Mr. Connelly has hit a home run with this one and I can’t wait for the next installment in the Renee Ballard saga.

Fantastic read.

Five stars!!!!!

 

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The Burning Room (Harry Bosch #19) by Michael Connelly

Book Description

November 3, 2014
In the new thriller from #1 New York Times bestselling author Michael Connelly, Detective Harry Bosch and his rookie partner investigate a cold case that gets very hot… very fast.

In the LAPD’s Open-Unsolved Unit, not many murder victims die a decade after the crime. So when a man succumbs to complications from being shot by a stray bullet ten years earlier, Bosch catches a case in which the body is still fresh, but any other clues are virtually nonexistent. Even a veteran cop would find this one tough going, but Bosch’s new partner, Detective Lucia Soto, has no homicide experience. A young star in the department, Soto has been assigned to Bosch so that he can pass on to her his hard-won expertise.
Now Bosch and Soto are tasked with solving a murder that turns out to be highly charged and politically sensitive. Beginning with the bullet that has been lodged for years in the victim’s spine, they must pull new leads from years-old evidence, and these soon reveal that the shooting was anything but random.
As their investigation picks up speed, it leads to another unsolved case with even greater stakes: the deaths of several children in a fire that occurred twenty years ago. But when their work starts to threaten careers and lives, Bosch and Soto must decide whether it is worth risking everything to find the truth, or if it’s safer to let some secrets stay buried.
In a swiftly-moving novel as relentless and compelling as its hero, Michael Connelly shows once again why Harry Bosch is “one of the most popular and enduring figures in American crime fiction” (Chicago Tribune).
Review –
I love the character of Harry Bosch and I loved this installment in the series but I’m afraid of what’s going to happen to Harry in the next one because his time with the LAPD is nearing the end. He is in the DROP program, that is the Deferred Retirement Option Plan, and will be forced to retire in less than a year. Police work is all he knows and loves. I hope the author, Michael Connelly, has great plans for my favorite character.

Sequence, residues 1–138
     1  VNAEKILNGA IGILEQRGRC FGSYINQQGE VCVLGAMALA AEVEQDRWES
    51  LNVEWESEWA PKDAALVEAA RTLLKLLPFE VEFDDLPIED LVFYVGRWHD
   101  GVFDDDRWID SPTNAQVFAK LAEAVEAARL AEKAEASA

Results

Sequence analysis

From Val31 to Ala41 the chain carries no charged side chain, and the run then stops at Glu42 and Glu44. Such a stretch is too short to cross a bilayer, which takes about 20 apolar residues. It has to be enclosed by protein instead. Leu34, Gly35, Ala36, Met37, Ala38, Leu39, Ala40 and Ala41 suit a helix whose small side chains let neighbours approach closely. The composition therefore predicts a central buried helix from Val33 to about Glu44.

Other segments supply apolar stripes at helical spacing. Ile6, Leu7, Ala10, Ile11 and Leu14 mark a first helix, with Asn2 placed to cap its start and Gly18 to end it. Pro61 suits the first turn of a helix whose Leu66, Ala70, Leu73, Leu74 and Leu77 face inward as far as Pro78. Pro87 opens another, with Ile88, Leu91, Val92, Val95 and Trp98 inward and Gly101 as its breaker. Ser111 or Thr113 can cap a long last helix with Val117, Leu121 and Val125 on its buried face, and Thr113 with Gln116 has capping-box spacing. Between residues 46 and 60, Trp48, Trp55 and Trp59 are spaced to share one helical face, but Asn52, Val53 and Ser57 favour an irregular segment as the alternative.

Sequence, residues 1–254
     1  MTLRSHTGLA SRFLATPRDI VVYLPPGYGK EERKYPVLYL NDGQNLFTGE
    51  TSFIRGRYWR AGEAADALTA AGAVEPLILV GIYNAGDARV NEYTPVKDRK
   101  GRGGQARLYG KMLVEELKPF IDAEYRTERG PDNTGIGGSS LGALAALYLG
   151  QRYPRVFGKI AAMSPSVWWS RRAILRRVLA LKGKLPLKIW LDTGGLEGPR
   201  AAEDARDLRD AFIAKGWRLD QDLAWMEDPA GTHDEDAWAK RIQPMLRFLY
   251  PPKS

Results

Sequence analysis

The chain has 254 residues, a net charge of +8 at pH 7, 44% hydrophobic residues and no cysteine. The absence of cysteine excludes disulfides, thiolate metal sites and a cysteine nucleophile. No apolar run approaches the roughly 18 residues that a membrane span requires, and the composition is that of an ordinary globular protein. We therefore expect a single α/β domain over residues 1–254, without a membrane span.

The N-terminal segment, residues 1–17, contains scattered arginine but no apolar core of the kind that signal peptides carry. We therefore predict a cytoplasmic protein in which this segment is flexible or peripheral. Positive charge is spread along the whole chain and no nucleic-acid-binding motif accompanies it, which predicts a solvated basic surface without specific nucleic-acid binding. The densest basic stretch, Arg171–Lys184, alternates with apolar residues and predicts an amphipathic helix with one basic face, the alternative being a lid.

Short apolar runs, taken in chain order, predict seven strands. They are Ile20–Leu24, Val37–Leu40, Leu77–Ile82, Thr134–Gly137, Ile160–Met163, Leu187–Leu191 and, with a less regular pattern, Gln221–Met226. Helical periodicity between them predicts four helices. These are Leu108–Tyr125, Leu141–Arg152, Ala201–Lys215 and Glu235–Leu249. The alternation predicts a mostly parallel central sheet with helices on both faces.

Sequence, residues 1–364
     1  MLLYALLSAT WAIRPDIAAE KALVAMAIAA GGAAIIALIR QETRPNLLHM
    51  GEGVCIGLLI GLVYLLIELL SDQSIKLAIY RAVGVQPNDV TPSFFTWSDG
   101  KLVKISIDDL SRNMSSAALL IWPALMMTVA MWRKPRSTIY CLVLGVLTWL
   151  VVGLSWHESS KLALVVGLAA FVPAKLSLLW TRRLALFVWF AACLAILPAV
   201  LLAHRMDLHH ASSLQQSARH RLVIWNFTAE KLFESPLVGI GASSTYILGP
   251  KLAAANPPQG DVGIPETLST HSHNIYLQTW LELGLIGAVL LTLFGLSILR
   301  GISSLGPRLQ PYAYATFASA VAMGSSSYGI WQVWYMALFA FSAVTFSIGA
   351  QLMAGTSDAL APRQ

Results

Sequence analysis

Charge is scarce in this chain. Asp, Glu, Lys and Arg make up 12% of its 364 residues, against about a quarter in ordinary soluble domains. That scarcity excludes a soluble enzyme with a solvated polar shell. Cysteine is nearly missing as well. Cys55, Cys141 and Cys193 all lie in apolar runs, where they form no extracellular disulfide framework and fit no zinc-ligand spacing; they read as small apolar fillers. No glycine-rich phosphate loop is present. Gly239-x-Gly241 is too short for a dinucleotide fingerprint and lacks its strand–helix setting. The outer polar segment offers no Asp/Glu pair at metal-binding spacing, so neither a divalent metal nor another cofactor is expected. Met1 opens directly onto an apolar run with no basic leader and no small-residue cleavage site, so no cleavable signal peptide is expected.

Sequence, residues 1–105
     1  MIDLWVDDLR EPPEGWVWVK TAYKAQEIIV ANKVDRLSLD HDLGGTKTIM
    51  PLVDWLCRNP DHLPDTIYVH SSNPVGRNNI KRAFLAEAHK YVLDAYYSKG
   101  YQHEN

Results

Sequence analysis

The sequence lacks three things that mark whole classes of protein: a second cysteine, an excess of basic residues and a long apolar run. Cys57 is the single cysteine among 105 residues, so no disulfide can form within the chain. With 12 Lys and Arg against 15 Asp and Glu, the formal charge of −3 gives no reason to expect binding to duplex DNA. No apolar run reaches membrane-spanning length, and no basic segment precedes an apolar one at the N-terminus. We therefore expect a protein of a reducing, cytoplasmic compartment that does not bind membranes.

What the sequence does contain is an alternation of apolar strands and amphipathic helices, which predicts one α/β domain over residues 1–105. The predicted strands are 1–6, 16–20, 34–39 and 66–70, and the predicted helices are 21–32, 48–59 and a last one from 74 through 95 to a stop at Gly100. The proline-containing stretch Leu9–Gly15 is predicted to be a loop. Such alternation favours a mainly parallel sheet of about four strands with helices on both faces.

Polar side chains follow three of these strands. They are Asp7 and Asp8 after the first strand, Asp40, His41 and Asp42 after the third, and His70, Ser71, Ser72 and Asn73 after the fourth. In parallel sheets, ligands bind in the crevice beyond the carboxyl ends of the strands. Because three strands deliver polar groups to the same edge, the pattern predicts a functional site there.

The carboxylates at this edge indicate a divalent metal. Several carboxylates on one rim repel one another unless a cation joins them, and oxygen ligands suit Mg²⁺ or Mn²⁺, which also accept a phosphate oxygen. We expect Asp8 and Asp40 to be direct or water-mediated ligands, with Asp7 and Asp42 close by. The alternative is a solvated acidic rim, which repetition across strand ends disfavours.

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The Overlook by Michael Connelly

From Publishers Weekly

Starred Review. Bestseller Connelly’s dazzling 13th Harry Bosch novel (after 2006’s Echo Park) reunites Bosch with his former flame, FBI agent Rachel Walling. Bosch must break in a new partner, rookie Iggy Ferras, when they’re called to look into the execution of physicist Stanley Kent on a Mulholland Drive overlook. When a special FBI unit, headed by Walling, arrives and tries to usurp his case, claiming it’s a matter of national security, Bosch refuses to back down. Walling’s focus on the potential theft of radioactive material from the hospital where Kent was lending his expertise to cancer treatment and her unwillingness to share information only make Bosch more determined to solve the case. This is a quick read, almost half the length of Connelly’s previous novels, but he spares no punches when it comes to complexity and suspense. The scramble to investigate threats to national security, justified or otherwise, is a timely subject and one on which Connelly puts a brilliant new spin. (May 22)
Copyright © Reed Business Information, a division of Reed Elsevier Inc. All rights reserved. –This text refers to an out of print or unavailable edition of this title.                                             
 
 
 
 
 
Review-
 
Harry Bosch is one of my favorite “crime fighters” and so I pulled this audiobook down from the shelf  for a second listening.
 
Harry is like a dog with a bone and won’t let go until the crime is solved and the bad guy put away.   It’s good to have him on your side.
 
I enjoyed the story even more the second time around because I had forgotten some key points and how much Echo Park   played a part in the story,
 
If you’re a fan of crime fiction-give this one a try.  You won’t be disappointed.